Penguins: Flightless Wonders of the Animal World
Two Species Coming Soon to the Tennessee
Tenn. (Jan. 23, 2007) – For as long as man has been
exploring the seven seas, penguins have inspired wonder
and brought smiles to anyone who sees these curious little
sailors dubbed the Great Auk, “pen gwyn” from
the Welsh term meaning white head. The Auk was a large,
flightless bird common throughout the North Atlantic.
The Great Auks had no natural predators and therefore,
no natural fear of humans. While Auks were very fast and
agile swimmers, they were large and clumsy on land. Auks
were soon hunted on a large scale for food, their eggs,
and even their downy feathers. Sadly the last pair was
killed in 1844 and the Great Auk became extinct.
there are 17 species of penguins living and breeding in the
Southern Hemisphere, which may have helped spare them the same
fate. Penguins face challenges throughout their home ranges.
Relatively warm weather species like the Galapagos and Humboldt
penguins can live as far north as the Equator. While the hearty
giants of the Antarctic, the Emperor penguins reside virtually
on the South Pole.
are perhaps the most social of all birds. These birds of a
feather flock together in colonies throughout the Antarctic
islands. Sometimes these rookeries attract hundreds of thousands
of penguins in one place. Like other birds, many penguins
are nest builders. Some species dig out burrows for their
eggs, while other species use available rocks, twigs and feathers
for hatching their offspring. But penguins have one main difference
from the rest of their feathered friends; bone structure.
For birds that spend most of their time in the air, a lightweight
and sturdy bone is needed. Diving birds have strong bones,
but penguins’ bones are heavier so they don’t
have to fight the tendency to bob back to the surface. Even
though their wings are useless for venturing into the sky,
don’t feel sorry for the penguin. They spend a majority
of their time “flying” through the water sometimes
at speeds up to 30 miles per hour. A penguin’s body
is streamlined for zooming through the water - the flippers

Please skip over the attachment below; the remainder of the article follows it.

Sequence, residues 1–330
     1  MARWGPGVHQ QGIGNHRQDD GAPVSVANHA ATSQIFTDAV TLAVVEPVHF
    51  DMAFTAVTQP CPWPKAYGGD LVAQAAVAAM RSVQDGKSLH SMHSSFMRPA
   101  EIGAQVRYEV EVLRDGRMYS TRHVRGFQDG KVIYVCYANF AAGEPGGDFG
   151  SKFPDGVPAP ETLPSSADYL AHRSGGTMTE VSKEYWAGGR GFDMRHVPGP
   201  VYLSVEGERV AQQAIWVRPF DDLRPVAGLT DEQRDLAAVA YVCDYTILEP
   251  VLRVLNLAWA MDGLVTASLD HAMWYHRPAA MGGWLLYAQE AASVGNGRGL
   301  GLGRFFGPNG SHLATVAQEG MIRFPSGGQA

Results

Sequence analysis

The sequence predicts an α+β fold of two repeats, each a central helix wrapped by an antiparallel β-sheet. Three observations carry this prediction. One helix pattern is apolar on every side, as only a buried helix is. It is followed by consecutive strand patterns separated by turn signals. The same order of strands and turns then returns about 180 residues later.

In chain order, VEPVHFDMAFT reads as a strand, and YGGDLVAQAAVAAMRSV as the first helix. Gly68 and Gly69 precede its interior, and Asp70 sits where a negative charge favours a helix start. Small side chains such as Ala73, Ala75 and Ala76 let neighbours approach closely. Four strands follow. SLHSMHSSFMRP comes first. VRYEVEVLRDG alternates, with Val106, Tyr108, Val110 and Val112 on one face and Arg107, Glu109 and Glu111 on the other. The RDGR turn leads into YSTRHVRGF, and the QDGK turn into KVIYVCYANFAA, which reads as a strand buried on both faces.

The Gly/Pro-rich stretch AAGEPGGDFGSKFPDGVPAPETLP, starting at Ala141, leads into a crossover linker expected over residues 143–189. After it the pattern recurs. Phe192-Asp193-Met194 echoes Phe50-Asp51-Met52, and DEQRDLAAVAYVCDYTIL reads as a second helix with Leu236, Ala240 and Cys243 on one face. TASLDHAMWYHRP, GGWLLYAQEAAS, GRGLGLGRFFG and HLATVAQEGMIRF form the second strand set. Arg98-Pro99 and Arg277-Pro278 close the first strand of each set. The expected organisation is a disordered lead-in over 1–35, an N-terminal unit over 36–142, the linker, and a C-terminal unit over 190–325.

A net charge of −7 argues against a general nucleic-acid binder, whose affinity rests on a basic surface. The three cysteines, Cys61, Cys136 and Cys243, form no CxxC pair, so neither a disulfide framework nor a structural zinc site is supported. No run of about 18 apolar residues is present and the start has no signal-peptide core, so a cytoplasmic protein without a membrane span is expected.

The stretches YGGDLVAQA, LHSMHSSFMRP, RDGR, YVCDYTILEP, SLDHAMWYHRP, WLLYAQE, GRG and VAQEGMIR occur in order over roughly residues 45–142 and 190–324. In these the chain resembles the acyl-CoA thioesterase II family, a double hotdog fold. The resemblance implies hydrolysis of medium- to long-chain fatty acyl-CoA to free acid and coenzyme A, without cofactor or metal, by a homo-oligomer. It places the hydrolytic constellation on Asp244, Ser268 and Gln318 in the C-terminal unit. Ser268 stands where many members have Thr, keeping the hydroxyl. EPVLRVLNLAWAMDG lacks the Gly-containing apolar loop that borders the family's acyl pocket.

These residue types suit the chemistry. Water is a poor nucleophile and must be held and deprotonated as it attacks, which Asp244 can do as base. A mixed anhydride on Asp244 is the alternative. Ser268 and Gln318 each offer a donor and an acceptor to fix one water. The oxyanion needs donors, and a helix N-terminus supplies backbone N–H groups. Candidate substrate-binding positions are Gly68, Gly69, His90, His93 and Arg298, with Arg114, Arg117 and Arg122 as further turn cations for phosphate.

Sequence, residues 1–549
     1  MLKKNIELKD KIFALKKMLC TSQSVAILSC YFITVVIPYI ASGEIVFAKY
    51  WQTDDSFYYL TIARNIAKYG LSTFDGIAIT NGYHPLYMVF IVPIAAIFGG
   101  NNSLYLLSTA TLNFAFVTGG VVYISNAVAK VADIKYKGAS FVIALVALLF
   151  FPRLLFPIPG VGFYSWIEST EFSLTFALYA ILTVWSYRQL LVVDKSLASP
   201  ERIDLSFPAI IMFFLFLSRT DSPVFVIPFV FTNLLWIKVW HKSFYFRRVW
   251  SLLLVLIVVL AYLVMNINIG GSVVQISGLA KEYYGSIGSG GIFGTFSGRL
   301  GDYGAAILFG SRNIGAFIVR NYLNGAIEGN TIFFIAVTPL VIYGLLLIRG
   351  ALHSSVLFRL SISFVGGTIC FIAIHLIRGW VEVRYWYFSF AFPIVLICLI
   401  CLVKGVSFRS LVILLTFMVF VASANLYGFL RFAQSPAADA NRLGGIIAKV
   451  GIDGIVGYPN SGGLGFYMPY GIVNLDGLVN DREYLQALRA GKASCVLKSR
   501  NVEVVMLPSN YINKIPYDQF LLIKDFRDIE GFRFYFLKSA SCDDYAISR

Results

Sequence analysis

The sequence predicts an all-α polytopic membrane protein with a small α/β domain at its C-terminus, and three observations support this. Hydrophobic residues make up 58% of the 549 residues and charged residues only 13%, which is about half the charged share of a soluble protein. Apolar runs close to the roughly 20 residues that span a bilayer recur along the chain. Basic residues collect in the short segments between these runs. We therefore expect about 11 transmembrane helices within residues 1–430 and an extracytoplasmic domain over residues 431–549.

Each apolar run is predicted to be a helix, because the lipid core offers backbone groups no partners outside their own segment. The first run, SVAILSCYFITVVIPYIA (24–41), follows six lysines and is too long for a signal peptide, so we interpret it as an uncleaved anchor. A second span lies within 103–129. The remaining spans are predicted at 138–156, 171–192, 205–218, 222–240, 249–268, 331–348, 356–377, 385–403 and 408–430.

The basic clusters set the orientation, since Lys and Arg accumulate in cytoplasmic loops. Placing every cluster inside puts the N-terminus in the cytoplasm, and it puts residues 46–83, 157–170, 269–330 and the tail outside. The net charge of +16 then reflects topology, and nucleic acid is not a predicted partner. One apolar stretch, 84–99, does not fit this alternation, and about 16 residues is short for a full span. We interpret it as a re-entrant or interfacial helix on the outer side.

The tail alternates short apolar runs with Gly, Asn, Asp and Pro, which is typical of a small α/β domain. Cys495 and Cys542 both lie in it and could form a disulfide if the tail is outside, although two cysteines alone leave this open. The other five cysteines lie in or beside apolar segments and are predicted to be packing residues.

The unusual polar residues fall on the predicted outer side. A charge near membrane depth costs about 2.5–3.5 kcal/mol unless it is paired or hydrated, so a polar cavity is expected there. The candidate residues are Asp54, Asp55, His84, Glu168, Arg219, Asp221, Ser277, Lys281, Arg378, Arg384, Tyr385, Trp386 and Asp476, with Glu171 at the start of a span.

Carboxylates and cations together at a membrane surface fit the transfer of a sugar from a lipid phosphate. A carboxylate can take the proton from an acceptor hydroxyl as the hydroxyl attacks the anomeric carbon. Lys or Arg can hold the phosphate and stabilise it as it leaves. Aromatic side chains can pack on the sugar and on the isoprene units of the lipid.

providing the speed, the feet and tail used for steering and
braking. Not only are they great at maneuvering underwater,
some penguins species are like tiny submarines. Gentoo penguins
for example, can stay underwater for up to seven minutes and
reach depths of nearly 330 feet.
are cruising for food while they are in the water. Krill,
squid, and fish make up the bulk of their diet.
penguins look alike. Their black and white color scheme is
actually great camouflage. Their breasts are bright white
to blend in with the sky when seen from below, while their
backs and tails are black to mask their identity when seen
closely and you’ll see that’s where the similarities
ranges from the giant Emperor penguin standing nearly 4 feet
tall, to the Fairy or Little Blue penguin which grows only
to a height of around 16 inches. Marking and coloration varies
between the various penguin species as well.
There’s only one; the yellow eyed penguin.
These birds not only have yellow eyes, they also have a
yellow stripe that runs from one eye around the back of
the head to the other eye.
Eudyptula: The Little Blue or
Fairy penguin is easily identified by its size and color.
As the name implies, this species is the worlds smallest
and has pale blue or gray blue shading.
The Emperor and King penguins are not only easily
the largest species; they also can be identified by their
colorful feathers and slender beaks.
Humboldt, Galapagos, and African penguins are members of
this genus. They are the “warm” weather penguins
that have thick sturdy beaks and stripes running down their
The genus that includes Adelie, Chinstrap, and Gentoo penguins.
These are the classic black and white penguins often featured
in animated films and cartoons.
These are the crested penguins and include the Erect-crested,
Rockhopper, and Macaroni species. Their yellow plumage above
the eyes make the crested penguins stand out in a crowd.
Rock” exhibit at the Tennessee Aquarium will feature
Gentoo and Macaroni penguins.
These particular species cannot be seen at any other zoo or
aquarium in the region, and were chosen for their lively nature.
Gentoos and Macaronis also pair up well on exhibit, so the
expectation is “Penguins’ Rock” will be
a place to visit again and again to see penguin chicks hatching
and growing in the future.
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Tennessee Aquarium inspires wonder and appreciation for the
natural world. Admission is $17.95 per adult and $9.50 per
child, ages 3-12. Each ticket purchased helps support Aquarium
conservation programs. The IMAX® 3D Theater is next door
to the Aquarium. Ticket prices are $7.95 per adult and $5.50
per child. Aquarium/IMAX combo tickets are $22.95 for adults
and $13.50 for children. Advance tickets may be purchased
online at www.tnaqua.org or by phone at 1-800-262-0695. The
Aquarium, located on the banks of the Tennessee River in Chattanooga,
is a non-profit organization. Open every day except Thanksgiving
and Christmas, the Aquarium and IMAX are accessible to people
with disabilities. Members enjoy unlimited visits and other
benefits. Call 267-FISH to join.